09 November 2007

Wye, O Wye

Since my last update here I've had a birthday (my 36th, although I prefer to think of it as two eighteenth birthdays rolled into one) and a weekend away wallowing in second-hand bookshops at Hay-on-Wye. I've also read any number of books, reviews of which should be arriving shortly in a mammoth update of more or less everything I've read since August.

The birthday was happy, as these things are traditionally supposed to be, with presents of DVDs from parents and spouse and an Amnesty International T-shirt from my in-laws (which is more welcome than you might imagine, especially since they're holding on to my real present until Christmas). The DVDs from B. included Edge of Darkness, which I've heard a lot about but never seen, so I'm looking forward to a great deal.

Mum and Dad gave me the 40th anniversary Prisoner DVD boxed set, a welcome upgrade to the rather dog-eared 25th anniversary VHS boxed set which I've been watching on and off for the past one-and-a-half decades. The picture quality is gorgeously crisp, there's an hour and a half documentary full of interviews (Peter Wyngarde seems to be the only surviving Number 2 who hasn't turned fat, having opted instead to look astonishingly like Ben Kingsley), PDFs of the scripts, commentaries and all kinds of goodies including the original edit of Arrival. I'm thrilled with the whole thing.

The weekend in Hay was really lovely: relaxing insofar as we were staying in a lovely B&B and had nothing more strenuous to do than wander aimlessly round bookshops and cafés; tiring in that there were -- as you may have gathered -- rather a lot of bookshops to be wandered aimlessly around in our two days there. I believe we visited 20, and came back with some 42 books, not counting presents:
Hay on Wye book hoard

(The top row's mine, the bottom row B.'s. The ones in between we agreed to buy between us.)

Some of these are titles I'd been looking for for a while; some I'd vaguely heard of and looked interesting; some just caught my eye serendipitously in the shops. Some will be useful for reference purposes; some will tell me profound things about the human condition; some will be fun.

Of the bookshops, by far the most impressive is the colossal Hay Cinema Bookshop, filling four enormous warehouse-like rooms (well, former cinema screens, but it amounts to the same thing) on two floors with all the literature, history, cultural studies, theology and the like you could possibly dream of seeing assembled in one place (though they're admittedly a bit thin on the sciences). S.F. alone (or rather S.F. and Fantasy, because in reality you're never allowed to browse S.F. alone) takes up half a dozen sets of floor-to-ceiling shelves. Equally huge is the stock of the older and more rambling (but also rather smellier and less well-organised) Richard Booth's Bookshop.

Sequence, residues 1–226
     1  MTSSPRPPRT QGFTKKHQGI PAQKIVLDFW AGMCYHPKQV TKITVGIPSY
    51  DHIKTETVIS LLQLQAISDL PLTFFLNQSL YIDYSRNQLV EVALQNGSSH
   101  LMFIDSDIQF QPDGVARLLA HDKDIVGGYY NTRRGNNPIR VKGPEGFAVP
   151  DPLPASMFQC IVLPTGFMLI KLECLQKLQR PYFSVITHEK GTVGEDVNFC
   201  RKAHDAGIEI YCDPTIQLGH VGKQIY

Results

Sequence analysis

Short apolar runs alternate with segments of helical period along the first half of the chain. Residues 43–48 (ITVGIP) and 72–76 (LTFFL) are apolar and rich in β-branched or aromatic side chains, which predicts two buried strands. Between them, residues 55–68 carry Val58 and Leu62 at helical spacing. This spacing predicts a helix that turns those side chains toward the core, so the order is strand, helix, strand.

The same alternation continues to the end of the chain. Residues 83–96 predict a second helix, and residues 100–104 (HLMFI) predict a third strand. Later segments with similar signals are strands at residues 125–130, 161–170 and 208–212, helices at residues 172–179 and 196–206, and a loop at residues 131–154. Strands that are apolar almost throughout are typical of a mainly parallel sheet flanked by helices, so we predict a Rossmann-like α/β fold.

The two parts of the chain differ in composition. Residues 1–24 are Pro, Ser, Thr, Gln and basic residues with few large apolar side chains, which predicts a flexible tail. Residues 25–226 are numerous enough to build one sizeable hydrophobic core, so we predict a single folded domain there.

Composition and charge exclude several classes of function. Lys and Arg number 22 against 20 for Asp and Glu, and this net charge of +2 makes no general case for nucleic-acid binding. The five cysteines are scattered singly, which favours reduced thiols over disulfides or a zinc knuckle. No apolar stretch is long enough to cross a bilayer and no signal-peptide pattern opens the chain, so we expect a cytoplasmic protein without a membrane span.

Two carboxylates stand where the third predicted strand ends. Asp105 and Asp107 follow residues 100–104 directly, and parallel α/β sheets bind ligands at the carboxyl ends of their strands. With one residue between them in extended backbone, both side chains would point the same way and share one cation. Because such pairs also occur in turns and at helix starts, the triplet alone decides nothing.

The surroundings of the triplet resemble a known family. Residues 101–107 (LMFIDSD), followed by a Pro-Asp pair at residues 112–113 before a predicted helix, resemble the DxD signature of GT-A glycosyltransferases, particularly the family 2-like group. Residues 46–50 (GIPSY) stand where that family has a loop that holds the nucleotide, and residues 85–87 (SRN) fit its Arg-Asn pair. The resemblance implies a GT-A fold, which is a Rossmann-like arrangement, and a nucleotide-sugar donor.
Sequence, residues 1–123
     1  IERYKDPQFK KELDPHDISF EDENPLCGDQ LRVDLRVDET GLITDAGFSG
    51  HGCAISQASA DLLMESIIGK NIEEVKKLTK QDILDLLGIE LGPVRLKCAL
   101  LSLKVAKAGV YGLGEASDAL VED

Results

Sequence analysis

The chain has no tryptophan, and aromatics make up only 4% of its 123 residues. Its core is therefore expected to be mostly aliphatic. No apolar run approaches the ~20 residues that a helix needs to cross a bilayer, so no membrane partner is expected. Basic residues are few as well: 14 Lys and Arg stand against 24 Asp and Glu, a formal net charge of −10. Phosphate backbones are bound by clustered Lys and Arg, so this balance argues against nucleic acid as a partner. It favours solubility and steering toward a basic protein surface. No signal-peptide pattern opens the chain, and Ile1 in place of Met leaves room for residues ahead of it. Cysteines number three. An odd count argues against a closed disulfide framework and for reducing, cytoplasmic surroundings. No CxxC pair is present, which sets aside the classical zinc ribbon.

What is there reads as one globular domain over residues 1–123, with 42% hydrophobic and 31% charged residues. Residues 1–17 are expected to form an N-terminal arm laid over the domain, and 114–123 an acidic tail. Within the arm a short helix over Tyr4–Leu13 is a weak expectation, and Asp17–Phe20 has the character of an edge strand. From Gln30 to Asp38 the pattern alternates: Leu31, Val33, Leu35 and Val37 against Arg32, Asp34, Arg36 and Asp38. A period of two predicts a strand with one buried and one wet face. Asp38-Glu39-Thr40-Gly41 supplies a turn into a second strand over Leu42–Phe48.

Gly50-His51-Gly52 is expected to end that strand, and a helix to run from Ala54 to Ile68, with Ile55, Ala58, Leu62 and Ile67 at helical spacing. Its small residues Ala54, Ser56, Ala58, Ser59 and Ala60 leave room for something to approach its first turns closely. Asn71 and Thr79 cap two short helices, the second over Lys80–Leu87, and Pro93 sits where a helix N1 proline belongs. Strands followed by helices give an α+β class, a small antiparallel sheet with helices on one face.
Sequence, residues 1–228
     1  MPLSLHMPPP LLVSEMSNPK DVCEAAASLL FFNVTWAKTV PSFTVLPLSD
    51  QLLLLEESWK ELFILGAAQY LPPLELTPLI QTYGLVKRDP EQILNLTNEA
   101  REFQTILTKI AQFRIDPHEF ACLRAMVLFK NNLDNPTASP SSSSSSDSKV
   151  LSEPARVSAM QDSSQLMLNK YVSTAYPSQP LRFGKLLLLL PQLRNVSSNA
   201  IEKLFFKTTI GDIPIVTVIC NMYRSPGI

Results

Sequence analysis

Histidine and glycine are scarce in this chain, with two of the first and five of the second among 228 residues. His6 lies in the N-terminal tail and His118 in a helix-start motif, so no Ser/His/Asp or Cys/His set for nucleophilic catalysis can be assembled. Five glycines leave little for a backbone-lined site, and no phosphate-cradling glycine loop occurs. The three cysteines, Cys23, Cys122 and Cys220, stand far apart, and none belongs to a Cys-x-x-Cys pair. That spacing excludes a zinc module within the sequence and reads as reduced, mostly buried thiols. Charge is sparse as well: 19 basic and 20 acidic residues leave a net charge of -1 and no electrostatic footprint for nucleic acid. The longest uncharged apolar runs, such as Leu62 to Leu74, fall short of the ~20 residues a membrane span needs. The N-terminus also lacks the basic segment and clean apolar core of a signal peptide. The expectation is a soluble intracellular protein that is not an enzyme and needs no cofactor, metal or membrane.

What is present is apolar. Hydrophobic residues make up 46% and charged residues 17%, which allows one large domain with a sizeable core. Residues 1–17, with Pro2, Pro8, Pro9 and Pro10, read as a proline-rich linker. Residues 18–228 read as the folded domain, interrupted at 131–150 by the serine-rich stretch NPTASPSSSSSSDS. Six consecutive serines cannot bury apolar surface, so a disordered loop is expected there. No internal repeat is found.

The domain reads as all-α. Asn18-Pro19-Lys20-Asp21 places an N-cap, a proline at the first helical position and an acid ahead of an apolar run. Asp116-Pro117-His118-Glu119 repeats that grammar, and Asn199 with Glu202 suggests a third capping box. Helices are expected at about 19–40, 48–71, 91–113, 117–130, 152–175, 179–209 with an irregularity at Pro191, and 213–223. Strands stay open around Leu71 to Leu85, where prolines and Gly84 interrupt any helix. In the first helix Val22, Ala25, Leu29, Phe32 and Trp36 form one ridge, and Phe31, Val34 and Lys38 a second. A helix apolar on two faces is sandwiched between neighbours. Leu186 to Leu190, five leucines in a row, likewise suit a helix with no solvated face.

The ones where I bought the most stock were probably (if I'm identifying them correctly from the map) The Sensible Bookshop, which had S.F. and mainstream fiction trailing up and down its staircase like a comet's tail, and the optimistically-named The Bookshop, a Bookends subsidiary which combines decent-quality secondhand stuff with remaindered copies of books you actually want to buy, at very reasonable prices. (Admittedly, the staff there have never heard of feminism. Quite literally, as B. discovered when asking after a Germaine Greer she was wanting.) The most pleasant bookshop to be in -- just in case you're wanting further recommendations -- was probably Addyman's Annexe.

Browsing in secondhand bookshops is, I think, one of the closest approaches one can make to Heaven in this life. Or perhaps I just need to get out more. Either way, it was a gloriously relaxing way to spend a weekend.

I've already read the tenth book from the left in my row above (and will be blogging about it shortly -- it's Ken MacLeod's The Human Front, which is one of the ones I'd been looking for for ages), and got stuck well in to the fourth and eleventh, Vikram Seth's The Golden Gate and Richard Morgan's Altered Carbon. Both are set in San Francisco, oddly enough, but in rather different time periods. They're otherwise staggeringly different. I'll tell you more about them later.

(Bizarrely, Hay-on-Wye is now twinned with Timbuktu. I wish I could tell you more about this, but I can't. I approve on general principles, though.)

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